The story involves the origin of Superman (Henry Cavill) in regards to his childhood and the fall of Krypton leading to General Zod (Michael Shannon) returning to Earth in order to shape the planet into a new Krypton.

  The Pros: The Cinematography – Amir Mokri does a fantastic job on the cinematography and shows us a dark world full of life and color. We see it in the adventures in the wilderness with Superman and at the beginning especially when alien Krypton and it’s destruction is shown to us.

The Soundtrack – Hans Zimmer creates a masterful soaring score that really captures the promise of Superman and also the danger of the villains he faces. These are aliens who are as powerful as the best of humanity’s tech and the score captures the alienness of Krypton and those who come from it, even Superman.

The Universe – I like this Universe. I found Krypton very cool, from the High Council, the Military, the fact that people are raised to be in certain roles (creating a caste system) and how Jor-El’s heresy leads to Superman’s creation and also the destruction of Krypton’s people, culture and world as a whole. I also like how humanity fears Superman…it feels believable and from that Superman’s vulnerability and inability to really save people as he doesn’t understand his power fully.

Krypton – This is my third timing mention Krypton, but it is worth doing so. I loved Krpyton’s design and the technology on the planet as well as the mixture of biology and tech. This was a world that I wanted to spend more time in and would have watched and loved the movie if it just took place here and wasn’t about Superman at all until the very end.

Jor-El – Russell Crowe was great as Superman’s dad. He was easily the best actor in this and the writing for him felt the most natural. His personal relationship and rivalry with Zod was fantastic too and I like how they had a grudging respect for one another, even up until the end. They were equals and in the end both were destroyed because of it.

General Zod – Michael Shannon is awesome! I really want to see this guy in more films after this. This is a guy who could ham it up and have an aura of fear and crazy about it. He reminded me of Jeffrey Dean Morgan who played The Comedian in “Watchmen.” I wanted to know this character more and he truly felt like a threat the entire time. I got why Superman couldn’t save people and had to kill him, as long as this guy lived Earth would be under threat of total annihilation and he’d do it and could do it, even without his technology.

General Calvin Swanwick – Harry Lennix is great in everything I’ve seen him in. He gives character and depth to a role that would usually be stock in any other film (and was for all the Daily Planet folks and the Kents). I hope he’s in “Batman V. Superman: Dawn of Justice.”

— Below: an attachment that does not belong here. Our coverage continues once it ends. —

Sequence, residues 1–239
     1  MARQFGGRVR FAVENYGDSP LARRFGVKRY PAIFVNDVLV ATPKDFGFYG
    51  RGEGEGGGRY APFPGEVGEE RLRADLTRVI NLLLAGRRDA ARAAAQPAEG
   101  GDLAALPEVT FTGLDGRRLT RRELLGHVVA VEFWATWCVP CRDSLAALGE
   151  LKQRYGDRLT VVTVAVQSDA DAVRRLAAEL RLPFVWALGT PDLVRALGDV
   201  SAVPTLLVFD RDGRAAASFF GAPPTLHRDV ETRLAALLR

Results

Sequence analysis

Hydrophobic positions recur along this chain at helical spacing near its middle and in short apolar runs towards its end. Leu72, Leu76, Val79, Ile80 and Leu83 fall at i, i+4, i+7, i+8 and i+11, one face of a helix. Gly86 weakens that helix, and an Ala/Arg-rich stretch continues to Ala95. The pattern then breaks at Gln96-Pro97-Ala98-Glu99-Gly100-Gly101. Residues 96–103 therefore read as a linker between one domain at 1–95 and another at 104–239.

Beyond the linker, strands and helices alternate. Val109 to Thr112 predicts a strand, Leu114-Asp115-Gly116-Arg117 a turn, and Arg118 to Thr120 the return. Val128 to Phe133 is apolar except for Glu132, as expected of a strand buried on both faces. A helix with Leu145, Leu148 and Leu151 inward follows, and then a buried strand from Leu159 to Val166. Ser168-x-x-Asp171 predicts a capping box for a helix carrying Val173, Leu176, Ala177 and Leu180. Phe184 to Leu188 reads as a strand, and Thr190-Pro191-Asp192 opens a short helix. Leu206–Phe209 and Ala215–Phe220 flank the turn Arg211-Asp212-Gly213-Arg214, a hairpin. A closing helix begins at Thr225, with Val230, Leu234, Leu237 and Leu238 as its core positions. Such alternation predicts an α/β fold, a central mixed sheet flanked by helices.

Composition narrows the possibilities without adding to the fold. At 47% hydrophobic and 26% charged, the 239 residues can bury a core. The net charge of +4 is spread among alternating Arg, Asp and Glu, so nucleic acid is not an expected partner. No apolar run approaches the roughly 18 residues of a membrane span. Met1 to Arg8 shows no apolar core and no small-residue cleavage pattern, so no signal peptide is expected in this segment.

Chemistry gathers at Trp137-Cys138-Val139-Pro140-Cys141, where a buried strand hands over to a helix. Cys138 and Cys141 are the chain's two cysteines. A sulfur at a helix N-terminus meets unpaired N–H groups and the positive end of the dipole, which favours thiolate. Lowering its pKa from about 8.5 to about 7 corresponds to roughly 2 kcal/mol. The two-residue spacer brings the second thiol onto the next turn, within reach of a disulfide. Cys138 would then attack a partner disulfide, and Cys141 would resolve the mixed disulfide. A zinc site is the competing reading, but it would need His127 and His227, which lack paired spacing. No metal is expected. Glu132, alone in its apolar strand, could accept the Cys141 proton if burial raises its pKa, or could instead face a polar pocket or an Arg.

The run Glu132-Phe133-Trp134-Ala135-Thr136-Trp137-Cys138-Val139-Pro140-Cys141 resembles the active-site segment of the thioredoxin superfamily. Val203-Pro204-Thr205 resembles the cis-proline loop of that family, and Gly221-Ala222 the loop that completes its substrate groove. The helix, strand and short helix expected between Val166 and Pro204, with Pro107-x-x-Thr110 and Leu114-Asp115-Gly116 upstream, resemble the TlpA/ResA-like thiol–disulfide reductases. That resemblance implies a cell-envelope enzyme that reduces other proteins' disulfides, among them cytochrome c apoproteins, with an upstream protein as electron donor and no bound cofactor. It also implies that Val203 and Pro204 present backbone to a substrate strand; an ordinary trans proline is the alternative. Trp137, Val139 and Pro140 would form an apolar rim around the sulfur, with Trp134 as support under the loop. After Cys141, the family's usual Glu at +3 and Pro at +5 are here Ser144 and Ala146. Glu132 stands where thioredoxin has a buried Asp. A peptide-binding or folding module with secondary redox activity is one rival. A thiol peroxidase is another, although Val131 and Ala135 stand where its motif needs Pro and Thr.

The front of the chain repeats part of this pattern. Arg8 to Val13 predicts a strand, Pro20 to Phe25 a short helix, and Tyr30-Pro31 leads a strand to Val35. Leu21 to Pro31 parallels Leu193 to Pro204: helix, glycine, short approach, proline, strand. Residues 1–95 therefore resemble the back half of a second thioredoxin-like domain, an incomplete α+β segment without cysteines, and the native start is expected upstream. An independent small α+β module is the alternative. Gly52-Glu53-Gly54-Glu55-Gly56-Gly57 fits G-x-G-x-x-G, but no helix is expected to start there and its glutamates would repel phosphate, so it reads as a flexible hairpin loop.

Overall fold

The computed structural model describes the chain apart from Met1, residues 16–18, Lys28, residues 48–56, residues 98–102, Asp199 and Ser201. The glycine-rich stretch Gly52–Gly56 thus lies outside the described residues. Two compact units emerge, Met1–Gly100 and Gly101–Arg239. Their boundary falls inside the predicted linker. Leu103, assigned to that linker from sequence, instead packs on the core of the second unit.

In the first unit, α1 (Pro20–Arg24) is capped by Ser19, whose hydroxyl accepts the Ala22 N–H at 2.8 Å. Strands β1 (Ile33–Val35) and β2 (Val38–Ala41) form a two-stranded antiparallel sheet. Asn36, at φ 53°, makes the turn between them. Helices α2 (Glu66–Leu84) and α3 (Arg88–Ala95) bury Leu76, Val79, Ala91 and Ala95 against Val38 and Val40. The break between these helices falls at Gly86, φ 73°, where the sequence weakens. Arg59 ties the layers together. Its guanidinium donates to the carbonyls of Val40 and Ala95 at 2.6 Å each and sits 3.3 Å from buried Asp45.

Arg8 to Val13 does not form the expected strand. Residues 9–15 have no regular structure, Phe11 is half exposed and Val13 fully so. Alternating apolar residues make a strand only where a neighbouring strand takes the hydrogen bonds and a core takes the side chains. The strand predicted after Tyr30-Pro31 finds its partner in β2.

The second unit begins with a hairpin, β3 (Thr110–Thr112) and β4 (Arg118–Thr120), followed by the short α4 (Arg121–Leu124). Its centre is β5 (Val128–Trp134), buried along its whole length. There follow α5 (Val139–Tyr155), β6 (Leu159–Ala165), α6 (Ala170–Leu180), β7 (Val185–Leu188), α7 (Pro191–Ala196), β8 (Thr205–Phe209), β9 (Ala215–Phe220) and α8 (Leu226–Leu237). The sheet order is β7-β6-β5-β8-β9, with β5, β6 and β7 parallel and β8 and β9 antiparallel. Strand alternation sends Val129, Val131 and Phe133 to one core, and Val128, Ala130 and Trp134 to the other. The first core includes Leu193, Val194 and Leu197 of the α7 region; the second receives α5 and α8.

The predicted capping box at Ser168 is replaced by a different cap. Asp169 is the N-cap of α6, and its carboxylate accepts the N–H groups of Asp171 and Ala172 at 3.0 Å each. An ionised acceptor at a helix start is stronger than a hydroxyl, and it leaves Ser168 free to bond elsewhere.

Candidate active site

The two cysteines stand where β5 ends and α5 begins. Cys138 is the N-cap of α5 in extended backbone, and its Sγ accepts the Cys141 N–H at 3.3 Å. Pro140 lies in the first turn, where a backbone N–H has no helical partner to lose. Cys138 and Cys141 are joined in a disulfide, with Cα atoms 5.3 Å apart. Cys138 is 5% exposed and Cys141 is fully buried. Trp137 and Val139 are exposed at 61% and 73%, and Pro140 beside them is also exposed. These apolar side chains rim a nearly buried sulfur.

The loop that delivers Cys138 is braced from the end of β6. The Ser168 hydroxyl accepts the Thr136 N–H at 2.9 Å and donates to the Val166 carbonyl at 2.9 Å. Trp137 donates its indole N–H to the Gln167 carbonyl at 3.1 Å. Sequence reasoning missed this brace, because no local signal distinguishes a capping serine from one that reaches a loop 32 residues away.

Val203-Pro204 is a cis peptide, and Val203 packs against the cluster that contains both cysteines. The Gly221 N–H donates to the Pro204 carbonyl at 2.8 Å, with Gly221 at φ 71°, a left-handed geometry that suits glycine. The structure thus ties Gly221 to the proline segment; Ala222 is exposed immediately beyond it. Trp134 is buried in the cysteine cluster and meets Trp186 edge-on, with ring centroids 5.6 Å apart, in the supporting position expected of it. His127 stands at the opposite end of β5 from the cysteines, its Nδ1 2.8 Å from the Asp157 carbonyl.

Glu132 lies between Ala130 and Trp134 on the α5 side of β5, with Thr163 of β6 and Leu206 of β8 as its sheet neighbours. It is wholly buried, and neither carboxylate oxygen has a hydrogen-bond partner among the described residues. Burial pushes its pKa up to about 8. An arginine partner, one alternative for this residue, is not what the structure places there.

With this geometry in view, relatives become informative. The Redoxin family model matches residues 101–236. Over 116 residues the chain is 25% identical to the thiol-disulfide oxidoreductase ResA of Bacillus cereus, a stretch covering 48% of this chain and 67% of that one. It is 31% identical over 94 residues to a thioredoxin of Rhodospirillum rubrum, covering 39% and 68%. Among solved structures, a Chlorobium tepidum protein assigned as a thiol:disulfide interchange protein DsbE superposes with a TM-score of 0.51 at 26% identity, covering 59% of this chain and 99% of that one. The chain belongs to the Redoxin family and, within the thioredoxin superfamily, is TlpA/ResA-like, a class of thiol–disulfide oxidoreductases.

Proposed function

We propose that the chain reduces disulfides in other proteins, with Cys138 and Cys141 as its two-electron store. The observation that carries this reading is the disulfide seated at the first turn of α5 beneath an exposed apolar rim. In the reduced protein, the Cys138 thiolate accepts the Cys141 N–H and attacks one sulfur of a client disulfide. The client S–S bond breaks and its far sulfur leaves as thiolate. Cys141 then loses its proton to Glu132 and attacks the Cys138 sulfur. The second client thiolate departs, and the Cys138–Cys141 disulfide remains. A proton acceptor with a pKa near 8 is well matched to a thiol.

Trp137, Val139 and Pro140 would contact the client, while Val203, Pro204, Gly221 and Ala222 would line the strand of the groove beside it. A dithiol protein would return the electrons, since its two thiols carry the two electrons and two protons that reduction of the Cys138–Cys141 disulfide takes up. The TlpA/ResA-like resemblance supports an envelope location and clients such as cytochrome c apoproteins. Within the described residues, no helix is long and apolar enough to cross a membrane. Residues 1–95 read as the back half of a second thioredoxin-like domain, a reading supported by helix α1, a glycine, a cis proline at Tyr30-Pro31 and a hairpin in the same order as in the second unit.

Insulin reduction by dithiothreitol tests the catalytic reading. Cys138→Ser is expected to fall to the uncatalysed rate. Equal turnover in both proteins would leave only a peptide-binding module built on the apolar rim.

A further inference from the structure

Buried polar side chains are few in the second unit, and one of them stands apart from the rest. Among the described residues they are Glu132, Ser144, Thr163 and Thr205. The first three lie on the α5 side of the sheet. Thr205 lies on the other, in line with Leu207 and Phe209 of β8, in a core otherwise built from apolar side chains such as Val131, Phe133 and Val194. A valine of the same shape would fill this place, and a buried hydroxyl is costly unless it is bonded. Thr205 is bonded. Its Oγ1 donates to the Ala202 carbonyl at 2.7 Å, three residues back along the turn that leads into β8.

Okay: Superman – Cavill is okay but he isn’t given the chance to show all that much depth. He’s sad and angry and we see him smile…once. I get being thoughtful but Cavill isn’t that great of an actor, thoughtful just ends up looking angry. He was one of the weakest but I at least got his motivation and his desire to look after those around him.

The Cons: Lois Lane – Lois Lane is a plot device in this. She is a living McGuffin that moves around plot points to advance the story. Poor Amy Adams…the one time she has a chance to do something (relationship with Superman) there isn’t any chemistry. She really wasn’t needed in this story and her role could be filled by anybody.

Perry White – Fishburne is a good actor but in here he is just a stock character type. The Daily Planet doesn’t really do anything and he like Lois Lane is there mostly to be saved by Superman….

Jonathan and Martha Kent – These two are the final stock types….there is paranoid Jonathan who wants Clark to keep his powers secret until he’s ready even if people die…and his Mom who is just kind of there and isn’t given anything to do. These folks felt like American^tm

Blatant Product Placement – Superman fights in the IHOP, used to work at the IHOP and over the course of the film there. This was super annoying and thankfully the action distracted from this because every time something came I couldn’t help but be annoyed…I get films need endorsements and money to be made, but this doesn’t have to “Transformers” level obvious.

      This is a deeply flawed but enjoyable movie. It makes me want to go back and check out other versions of the character from Bruce Timm’s version of the character, the original Superman of the films and even the very hated “Superman Returns.” I’ll admit he isn’t the guy I’m drawn to DC comics for. It is hard to tell a compelling Superman story as so much of what creates drama is the facing of adversity and if you are someone with only one weakness, it’s hard to create tension. In that way Superman is only as interesting as the world around him and I found the world around him in this fascinating, even if the character paled in comparison to the villain.

Final Score: 7.6 / 10